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Dockerize a new Rails application

vshl profile image Vishal ・2 min read

A simple guide to get started with Rails and Docker.

Deploying a Ruby on Rails app to Docker is useful for distributing and containerizing your Ruby gems. This is helpful in particular if you have many projects that have different versions of both Ruby and Rails on your local system. Secondly, it becomes trivial to distribute your application without worrying about incompatibilities and unforeseen problems.

The following guide helps you setup a new project in Rails to build and deploy the image to a Docker container.

At the minimum you would need 5 files to get started:

  1. Dockerfile

  2. docker-compose.yml

  3. .dockerignore

  4. Gemfile

  5. Gemfile.lock


For the Dockerfile, you will need to build a Ruby image that would install nodejs for Rails to run. The file takes the Gemfile and Gemfile.lock and copies them to the WORKDIR . The command bundle install is then run within the image to install the gems listed in the Gemfile.


The Gemfile will initially only contain the Rails gem:

source 'https://rubygems.org' 
git_source(:github) { |repo| "https://github.com/#{repo}.git"

gem 'rails', '~> 5.2.4', '>='


Gemfile.lock will be an empty file. Create one.


docker-compose will be the main file that sets up your debugger, server command to be executed and the volume share between your local machine and the docker image and the port to be exposed.



Once the files are prepped, next is to build the image and setup a new Rails application in the image. In a terminal run:

docker-compose up -d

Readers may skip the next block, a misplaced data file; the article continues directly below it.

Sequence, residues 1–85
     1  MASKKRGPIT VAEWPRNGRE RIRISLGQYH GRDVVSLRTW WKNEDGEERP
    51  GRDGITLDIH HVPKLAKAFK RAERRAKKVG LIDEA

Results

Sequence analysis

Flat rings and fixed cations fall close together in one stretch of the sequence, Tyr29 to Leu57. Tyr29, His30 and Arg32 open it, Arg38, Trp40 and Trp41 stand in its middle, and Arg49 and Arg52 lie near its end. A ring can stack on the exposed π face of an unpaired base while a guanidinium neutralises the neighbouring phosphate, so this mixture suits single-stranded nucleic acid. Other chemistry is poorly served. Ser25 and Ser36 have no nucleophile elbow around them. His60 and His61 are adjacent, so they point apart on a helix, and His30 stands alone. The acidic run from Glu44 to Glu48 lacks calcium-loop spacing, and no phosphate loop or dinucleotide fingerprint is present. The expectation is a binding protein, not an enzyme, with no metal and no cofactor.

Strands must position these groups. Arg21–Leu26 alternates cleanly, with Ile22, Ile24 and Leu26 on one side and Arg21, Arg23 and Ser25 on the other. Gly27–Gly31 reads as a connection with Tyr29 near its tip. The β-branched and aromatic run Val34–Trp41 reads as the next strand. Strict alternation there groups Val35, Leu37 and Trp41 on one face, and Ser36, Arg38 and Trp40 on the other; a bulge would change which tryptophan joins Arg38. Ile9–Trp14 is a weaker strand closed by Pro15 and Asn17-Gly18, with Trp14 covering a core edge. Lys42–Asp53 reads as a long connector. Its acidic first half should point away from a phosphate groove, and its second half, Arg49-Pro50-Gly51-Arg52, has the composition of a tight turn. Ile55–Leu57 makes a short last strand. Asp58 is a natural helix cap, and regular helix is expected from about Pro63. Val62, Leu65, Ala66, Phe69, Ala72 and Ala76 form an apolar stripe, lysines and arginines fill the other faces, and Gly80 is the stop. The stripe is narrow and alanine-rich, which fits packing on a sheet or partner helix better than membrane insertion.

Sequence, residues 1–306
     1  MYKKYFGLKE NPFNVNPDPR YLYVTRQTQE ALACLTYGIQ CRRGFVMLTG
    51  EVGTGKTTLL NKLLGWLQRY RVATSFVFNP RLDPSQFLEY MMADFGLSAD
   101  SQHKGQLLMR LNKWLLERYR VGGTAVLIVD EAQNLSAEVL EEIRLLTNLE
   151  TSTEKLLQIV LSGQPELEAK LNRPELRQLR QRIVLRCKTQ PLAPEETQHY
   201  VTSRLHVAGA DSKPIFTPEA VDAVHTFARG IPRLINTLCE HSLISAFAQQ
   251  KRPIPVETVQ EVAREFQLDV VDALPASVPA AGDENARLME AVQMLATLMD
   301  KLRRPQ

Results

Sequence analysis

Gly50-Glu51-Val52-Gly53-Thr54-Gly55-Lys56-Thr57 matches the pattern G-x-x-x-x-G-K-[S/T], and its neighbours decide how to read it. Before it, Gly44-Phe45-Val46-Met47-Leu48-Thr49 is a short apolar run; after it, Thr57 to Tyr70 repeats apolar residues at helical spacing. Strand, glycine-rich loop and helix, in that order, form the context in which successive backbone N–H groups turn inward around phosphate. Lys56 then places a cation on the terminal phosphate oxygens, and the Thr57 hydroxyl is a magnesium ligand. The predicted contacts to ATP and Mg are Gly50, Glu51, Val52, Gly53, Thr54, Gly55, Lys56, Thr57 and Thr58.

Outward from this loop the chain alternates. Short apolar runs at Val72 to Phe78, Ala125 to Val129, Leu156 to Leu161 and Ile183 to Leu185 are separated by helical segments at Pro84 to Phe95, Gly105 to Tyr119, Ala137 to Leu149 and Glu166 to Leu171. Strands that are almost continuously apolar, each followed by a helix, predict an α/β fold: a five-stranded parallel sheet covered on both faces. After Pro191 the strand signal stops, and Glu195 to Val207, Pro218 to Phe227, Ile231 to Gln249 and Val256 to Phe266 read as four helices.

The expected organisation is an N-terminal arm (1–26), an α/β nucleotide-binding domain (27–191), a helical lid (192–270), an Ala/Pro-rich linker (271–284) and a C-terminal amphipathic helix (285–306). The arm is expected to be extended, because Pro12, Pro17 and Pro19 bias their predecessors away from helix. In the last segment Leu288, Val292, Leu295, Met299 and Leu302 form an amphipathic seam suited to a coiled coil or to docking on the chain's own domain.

The command will run through the docker-compose.yml file and build the image. Once it’s complete you will have an image with the Rails gem installed. Next is to create a new Ruby on Rails application. We will use the created image to run a command in a container.

docker-compose run web rails new . -GMOPCSJT --force --no-deps

The arguments -GMOPCSJT are optional in case you will need to skip creating additional boilerplate files and directories for -G git, -M action-mailer, -O active-record , -P puma , -C action-cable, -S sprockets , -J javascript, -T test-cases. Feel free to add the arguments that you will require for your projects.

The command will create a Rails project in the WORKDIR of the Docker image. Once it’s complete, it is suitable to re-build your Docker image by running the command:

docker-compose up -d --build

On completion, you will have a server running on port 3000. http://localhost:3000

That’s it!

I created a git repo so one can clone and get started right away:

git clone git@github.com:vshl/rails-docker-skel.git

I’ll continue to update that repo and this blog post as I find better ways to follow good practices.

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